Industry Breakdown: 3PL Logistics

“The amateurs discuss tactics: the professionals discuss logistics.”

Napoleon Bonaparte

Military leaders understand that without logistics, successful campaigns would never win the wars. In World War 2, Dwight Eisenhower understood that winning the war would come down to logistics, moving both men and material to the point of attack and continuing that flow until the war was won.

Eisenhower understood that wars are won and lost because of the success or failure of logistics. In today’s retail world, Walmart is one of the leaders in logistics and uses that ability to dominate its competitors. It is evidenced by the fact that Jeff Bezos understood Amazon’s ability to delight its customers with the speed and accuracy of its logistics.

The 3Pl Industry is a vital part of the logistics chain and helps feed the world’s growing economies. As the pandemic situation improves, we will see an increase in demand for products and services, and the 3Pl Industry will meet those demands.

In today’s post, we will learn:

  • What are logistics?
  • What is the 3Pl Industry
  • Key Players in the 3Pl Industry
  • Investor Takeaway

Okay, let’s dive in and learn more about the 3Pl Industry.

What are Logistics?

Shopify, one of the leading logistics companies in the world, defines logistics in this way:

Logistics is used more broadly to refer to the process of coordinating and moving resources – people, materials, inventory, and equipment – from one location to storage at the desired destination. The term logistics originated in the military, referring to the movement of equipment and supplies to troops in the field.”

Many of the more famous military leaders such as Sun Tzu, George Patton, Dwight Eisenhower, Napoleon, Alexander the Great, Julius Caesar, and many more understood the importance of logistics.

Many people confuse logistics with supply chain management, but they are two aspects of the process, despite the interchangeability of the term.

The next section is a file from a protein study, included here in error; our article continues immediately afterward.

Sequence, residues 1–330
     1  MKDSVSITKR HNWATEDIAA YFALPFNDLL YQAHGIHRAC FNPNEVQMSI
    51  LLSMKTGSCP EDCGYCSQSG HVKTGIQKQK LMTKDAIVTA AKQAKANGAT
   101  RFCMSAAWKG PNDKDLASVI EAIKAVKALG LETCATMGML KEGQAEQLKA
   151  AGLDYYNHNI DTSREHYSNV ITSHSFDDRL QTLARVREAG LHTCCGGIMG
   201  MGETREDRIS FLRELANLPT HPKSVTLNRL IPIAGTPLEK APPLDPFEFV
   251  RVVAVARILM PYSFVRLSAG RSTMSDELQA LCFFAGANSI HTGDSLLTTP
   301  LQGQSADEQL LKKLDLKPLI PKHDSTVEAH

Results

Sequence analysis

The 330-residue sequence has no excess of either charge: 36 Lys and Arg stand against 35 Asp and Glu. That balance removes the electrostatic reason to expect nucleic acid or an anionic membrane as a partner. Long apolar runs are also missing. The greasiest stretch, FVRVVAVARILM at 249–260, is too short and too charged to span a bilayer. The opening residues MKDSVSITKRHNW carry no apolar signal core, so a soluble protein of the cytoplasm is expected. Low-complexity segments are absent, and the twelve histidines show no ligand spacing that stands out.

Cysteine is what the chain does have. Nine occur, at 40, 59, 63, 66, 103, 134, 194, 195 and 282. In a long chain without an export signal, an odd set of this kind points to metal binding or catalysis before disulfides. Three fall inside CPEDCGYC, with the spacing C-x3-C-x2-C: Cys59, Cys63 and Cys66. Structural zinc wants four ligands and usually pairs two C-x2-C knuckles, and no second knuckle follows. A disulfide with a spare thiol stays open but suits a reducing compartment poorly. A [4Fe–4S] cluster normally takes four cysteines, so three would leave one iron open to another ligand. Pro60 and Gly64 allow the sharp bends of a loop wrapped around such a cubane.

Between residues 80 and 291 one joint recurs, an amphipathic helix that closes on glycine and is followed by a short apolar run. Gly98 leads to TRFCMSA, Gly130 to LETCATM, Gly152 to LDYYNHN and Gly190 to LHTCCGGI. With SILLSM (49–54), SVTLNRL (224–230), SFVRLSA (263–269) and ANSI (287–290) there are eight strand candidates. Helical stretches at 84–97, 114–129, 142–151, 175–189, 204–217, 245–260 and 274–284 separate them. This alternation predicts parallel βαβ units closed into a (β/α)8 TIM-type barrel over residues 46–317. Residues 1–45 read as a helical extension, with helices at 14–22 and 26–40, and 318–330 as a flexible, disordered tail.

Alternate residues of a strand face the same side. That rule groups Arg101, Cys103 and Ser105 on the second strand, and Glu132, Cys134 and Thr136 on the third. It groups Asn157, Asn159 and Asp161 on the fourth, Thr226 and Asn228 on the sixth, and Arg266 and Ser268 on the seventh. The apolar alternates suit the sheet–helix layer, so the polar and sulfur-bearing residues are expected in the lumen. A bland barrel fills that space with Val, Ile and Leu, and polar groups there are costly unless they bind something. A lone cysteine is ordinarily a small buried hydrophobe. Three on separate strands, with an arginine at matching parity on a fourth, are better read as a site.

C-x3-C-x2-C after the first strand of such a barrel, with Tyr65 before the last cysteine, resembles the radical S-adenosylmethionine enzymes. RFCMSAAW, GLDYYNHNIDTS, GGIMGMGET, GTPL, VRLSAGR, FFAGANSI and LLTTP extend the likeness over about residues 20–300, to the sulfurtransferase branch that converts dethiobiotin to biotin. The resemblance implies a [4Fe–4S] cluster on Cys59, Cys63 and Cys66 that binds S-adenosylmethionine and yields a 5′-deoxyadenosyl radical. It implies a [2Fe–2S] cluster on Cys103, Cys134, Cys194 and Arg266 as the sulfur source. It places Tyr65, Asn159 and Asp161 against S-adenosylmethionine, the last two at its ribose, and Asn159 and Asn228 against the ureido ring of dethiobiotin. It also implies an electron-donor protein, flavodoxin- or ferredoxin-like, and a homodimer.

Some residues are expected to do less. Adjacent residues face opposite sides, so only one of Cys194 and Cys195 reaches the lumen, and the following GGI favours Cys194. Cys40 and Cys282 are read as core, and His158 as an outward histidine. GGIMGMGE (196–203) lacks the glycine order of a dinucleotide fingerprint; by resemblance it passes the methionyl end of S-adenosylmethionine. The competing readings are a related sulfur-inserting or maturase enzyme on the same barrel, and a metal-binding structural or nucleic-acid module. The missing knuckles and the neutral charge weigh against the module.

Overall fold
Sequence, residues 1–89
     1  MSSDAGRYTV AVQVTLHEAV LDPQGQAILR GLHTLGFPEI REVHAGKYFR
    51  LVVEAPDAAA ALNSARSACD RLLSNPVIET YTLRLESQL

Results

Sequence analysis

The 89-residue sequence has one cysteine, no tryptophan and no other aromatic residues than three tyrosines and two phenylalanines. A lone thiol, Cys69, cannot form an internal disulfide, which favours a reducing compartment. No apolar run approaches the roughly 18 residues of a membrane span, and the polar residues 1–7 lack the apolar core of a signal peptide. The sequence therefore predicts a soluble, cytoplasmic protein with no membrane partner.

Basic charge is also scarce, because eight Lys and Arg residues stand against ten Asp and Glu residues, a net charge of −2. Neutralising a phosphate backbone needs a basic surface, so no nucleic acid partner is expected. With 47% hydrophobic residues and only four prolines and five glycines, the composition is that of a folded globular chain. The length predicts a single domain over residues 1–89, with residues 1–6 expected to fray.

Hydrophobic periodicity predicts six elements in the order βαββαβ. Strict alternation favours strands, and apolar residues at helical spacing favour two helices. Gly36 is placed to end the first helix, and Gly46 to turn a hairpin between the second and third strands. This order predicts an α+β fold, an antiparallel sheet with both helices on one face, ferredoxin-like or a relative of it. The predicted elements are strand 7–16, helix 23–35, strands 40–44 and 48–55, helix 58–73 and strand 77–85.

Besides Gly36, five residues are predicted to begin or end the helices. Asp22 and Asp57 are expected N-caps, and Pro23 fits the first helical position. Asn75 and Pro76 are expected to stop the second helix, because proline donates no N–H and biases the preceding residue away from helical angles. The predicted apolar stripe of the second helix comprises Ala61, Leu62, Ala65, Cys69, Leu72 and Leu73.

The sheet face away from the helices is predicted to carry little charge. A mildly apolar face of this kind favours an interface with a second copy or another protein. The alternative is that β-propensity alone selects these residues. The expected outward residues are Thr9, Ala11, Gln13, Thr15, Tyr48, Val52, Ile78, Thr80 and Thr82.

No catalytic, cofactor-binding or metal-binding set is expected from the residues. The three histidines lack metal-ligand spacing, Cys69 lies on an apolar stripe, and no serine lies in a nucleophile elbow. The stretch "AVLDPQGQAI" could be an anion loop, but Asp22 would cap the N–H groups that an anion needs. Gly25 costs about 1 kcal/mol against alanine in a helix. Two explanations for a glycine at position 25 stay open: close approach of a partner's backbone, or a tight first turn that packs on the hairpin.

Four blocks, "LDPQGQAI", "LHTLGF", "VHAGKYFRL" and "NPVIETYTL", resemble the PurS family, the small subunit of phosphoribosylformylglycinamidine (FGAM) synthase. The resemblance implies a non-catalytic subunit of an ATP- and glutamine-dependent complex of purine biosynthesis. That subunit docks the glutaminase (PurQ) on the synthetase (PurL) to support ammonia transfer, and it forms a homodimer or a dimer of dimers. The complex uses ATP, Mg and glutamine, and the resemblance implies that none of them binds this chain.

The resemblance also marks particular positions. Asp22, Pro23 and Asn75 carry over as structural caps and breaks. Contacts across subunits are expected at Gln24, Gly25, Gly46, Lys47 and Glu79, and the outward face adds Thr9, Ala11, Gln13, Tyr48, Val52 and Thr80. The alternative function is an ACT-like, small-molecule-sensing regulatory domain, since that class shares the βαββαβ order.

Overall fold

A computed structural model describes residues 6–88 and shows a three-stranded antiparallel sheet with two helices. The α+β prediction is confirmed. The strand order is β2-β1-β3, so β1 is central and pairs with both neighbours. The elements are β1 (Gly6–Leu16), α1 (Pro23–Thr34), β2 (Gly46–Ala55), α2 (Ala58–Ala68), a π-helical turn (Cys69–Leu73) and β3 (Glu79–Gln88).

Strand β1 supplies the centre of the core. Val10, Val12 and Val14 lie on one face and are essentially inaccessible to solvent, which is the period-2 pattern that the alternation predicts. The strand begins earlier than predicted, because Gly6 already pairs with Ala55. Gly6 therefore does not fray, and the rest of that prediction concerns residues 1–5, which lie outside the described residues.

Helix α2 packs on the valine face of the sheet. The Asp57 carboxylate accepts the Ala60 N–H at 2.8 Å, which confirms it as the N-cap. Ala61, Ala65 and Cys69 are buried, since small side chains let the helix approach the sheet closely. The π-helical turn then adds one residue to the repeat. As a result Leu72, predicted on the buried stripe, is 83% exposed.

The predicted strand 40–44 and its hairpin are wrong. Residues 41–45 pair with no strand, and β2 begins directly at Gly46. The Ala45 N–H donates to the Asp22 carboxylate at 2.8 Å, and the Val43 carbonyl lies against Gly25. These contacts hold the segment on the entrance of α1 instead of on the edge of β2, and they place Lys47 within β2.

Logistics refers to the goings-on inside Amazon, for example. It includes purchasing and delivering materials, packaging, shipping, and transportation of goods to its distributors. Supply chain management includes the larger outside network of organizations that work in tandem to deliver products to its customers, including vendors, call centers, warehouse providers, etc.

Common components of logistics include:

  • Inbound transportation
  • Outbound transportation
  • Warehousing
  • Fleet management
  • Order filling
  • Materials handling

So why is all of this important?

Many businesses focus on creating and producing a product or services to meet their customers’ needs, such as Shopify. But, if Shopify can’t get the products or services to its customers, it fails.

That is where logistics come into play.

But logistics also supports the economics of the business in other ways beyond revenue. For example, the more efficiently a business can purchase, store, and move its materials, the more profitable the company.

A great example is a fresh produce company. Their main product is the buying and selling of fresh produce, which has a finite shelf life. The quicker the turnaround of their produce, the more profitable the company will be, as the shelf life of an apple is finite. If the apple sits too long, it will rot, and the fresh produce company loses money.

Logistics can help the fresh produce company transport their produce from the farms through the warehouses to stores or restaurants that use their fresh produce. The more efficiently the company buys, stores, and sells its product, the more profitable it will be.